New Books…

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The FoL summer book sale was held the other day, and although I tried to not go, I did end up spending some time there. (Well, to not go would have been so rude, don’t you think?)

And so this is what I ended up with in my shopping bag, all ready for a future summer’s day. Uncertain which summer it will be, but I’m ready!  🙂

Top to bottom:

  • Snow Angels – Stewart O’Nan (usually good fiction writer)
  • The Last Picture Show – Larry McMurtry (fiction set in Texas. I first read this in my first semester at American university and hadn’t been in Texas long enough to get the references. I think now that I’ve been here a while, I will appreciate it more.)
  • The Best American Short Stories (1999) – edited by Amy Tan (F) (current slight craze on short stories)
  • Tinkerbelle – Robert Manry (NF travel – guy has never sailed before, but buys a boat and sails across the Atlantic with many adventures…)
  • Invisible Man – Ralph Ellison (F and African-American classic which I haven’t read but with the new focus on reading more POC will do so soon)
  • Bailey’s Cafe – Gloria Naylor (F) (see above about the focus on reading more POC authors)
  • Advertising in America – (NF) big coffee book with some lovely color plates of old advertising from across the USA

And going against my usual grain of not-reading-things-I’ve-just-bought, I’ve just finished a good read of the Naylor fiction. Loved it so expect more to come about that.

So hmm…. What’s next?

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General Catch-Up…

catch_upIt’s been a busy few days which has included several new lesson plans, two batches of grading, and the normal day-to-day stuff, which helps to explain the silence in this space.

Actually, it also included one of the houses on our street exploding (!) just before we went to bed and so that took a few days before life resumed its normalcy for us. Quite a week. (And honestly – one of the houses five houses away from us literally exploded. You don’t forget that in a hurry.)

However, despite this, I have been reading and writing (although more slowly than usual) and that’s what I thought we’d catch up with today.

I happened to come across Angela Thomas’ debut YA novel called ‘The Hate U Give” whose plot revolves around a young African-American teenager who is in the same car as her (also AfAm) friend when they get stopped for a perceived infraction by a white police officer and the young man gets shot and killed. The novel moves forward in time as the young woman and her community try to deal with this situation with its murky causes.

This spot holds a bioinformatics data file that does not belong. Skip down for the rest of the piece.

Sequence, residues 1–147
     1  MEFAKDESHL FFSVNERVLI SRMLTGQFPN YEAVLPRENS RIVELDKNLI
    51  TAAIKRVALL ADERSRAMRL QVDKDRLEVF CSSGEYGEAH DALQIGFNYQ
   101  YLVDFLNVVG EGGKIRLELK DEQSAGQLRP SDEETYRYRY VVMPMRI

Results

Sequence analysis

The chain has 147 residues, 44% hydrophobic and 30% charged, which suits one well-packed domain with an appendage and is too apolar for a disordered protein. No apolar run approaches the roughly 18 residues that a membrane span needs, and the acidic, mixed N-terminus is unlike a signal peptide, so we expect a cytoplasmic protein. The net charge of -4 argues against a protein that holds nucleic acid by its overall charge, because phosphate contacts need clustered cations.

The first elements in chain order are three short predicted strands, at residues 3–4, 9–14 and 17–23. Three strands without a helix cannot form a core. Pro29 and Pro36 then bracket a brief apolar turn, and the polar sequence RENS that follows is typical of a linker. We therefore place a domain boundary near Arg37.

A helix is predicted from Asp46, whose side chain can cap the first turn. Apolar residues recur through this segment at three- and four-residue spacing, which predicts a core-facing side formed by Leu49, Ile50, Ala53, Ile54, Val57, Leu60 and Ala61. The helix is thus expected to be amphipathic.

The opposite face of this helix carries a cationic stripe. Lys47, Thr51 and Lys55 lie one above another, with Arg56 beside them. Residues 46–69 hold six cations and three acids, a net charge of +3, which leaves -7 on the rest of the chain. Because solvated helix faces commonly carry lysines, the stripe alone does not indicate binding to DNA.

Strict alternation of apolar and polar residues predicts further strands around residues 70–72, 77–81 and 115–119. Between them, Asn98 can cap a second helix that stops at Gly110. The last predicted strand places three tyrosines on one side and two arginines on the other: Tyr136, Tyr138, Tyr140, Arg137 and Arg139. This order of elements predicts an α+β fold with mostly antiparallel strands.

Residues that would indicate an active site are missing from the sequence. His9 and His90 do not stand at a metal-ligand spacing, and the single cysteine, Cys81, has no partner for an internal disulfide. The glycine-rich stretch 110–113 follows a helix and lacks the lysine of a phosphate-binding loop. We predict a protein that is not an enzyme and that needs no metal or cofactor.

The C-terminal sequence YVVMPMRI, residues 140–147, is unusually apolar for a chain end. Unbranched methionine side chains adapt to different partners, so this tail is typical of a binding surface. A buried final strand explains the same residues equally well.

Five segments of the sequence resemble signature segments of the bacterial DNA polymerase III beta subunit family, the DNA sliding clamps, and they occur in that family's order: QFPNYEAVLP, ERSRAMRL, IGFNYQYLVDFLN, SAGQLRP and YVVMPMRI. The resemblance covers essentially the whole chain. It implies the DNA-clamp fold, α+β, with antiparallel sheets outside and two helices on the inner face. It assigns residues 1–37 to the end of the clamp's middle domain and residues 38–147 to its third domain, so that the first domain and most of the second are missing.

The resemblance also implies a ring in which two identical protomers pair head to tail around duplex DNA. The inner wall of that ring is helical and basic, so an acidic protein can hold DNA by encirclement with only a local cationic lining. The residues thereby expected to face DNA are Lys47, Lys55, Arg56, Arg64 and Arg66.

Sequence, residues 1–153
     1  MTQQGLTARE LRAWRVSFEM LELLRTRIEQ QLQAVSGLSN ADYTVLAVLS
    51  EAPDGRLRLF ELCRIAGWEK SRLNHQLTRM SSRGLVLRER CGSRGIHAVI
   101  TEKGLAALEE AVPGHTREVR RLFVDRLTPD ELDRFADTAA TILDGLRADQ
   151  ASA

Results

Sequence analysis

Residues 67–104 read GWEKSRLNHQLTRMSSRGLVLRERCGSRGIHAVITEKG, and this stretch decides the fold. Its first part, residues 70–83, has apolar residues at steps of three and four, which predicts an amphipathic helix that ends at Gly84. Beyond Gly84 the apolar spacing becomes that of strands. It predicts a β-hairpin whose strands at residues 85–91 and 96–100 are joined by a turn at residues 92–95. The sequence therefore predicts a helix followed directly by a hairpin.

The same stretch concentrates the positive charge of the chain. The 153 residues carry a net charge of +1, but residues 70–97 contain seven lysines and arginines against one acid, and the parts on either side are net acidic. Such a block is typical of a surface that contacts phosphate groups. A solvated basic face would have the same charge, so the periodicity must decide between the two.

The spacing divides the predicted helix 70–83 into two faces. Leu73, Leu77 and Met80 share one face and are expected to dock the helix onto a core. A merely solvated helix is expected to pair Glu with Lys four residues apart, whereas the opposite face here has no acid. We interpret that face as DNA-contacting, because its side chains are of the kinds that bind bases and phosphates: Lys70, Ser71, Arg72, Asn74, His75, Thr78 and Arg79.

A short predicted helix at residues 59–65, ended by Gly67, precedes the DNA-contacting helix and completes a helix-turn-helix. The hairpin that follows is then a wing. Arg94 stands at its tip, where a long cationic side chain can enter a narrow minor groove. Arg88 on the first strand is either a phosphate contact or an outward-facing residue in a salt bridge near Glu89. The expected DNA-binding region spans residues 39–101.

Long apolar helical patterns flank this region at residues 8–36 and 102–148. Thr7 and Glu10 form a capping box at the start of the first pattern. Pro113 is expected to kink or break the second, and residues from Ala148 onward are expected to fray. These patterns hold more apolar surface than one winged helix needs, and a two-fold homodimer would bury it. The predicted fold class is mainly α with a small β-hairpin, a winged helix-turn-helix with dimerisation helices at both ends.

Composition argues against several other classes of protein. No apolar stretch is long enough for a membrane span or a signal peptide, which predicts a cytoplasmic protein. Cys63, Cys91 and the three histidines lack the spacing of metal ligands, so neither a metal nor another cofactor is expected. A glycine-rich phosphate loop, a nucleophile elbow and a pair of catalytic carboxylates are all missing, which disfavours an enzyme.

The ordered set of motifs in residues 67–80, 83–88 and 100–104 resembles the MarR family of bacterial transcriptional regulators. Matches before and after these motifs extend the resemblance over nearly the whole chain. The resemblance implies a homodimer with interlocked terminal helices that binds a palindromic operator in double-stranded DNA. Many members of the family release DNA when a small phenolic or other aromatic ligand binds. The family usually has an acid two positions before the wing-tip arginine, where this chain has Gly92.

Although a heavy (and timely) topic, this novel moves along at a fast pace as it deals with the issue of police-related shooting, morality, race, and modern life in a city, and it’s probably going to make one of my Top Ten Fiction Reads this year. For once, the hype is worth it and I recommend that you pick this up at some point soon and then you can judge for yourself. Thomas does a great job of covering the multiple perspectives in such an incident without resorting to usual state of black-and-white thinking, and whether you agree with how the characters act or not, it’s probably going to leave you thinking once you’re turned that last page.

file3I also learned the acronym behind Tupac’s phrase, Thug Life which (according to the author) means The Hate U Give Little Infants F**ks Everyone (or maybe Everything?), meaning that it’s important to look after every person in your community whoever they may be. True that.

Moving on and to give myself a change in pace, I picked up a psychological mystery story, “The Girl Next Door” by Ruth Rendell, which was good fun to read (although oh-so-confusing at first due to playing with time and a lot of characters). I sorted it out in the end and I haven’t read just a mystery for ages, so this was rather fun and read like a hot knife through butter. Now I’m reading through one of America’s Best… series, this one a collection of science and nature from 2011 and edited by the wonderful Mary Roach. Just right for a Monkey Mind…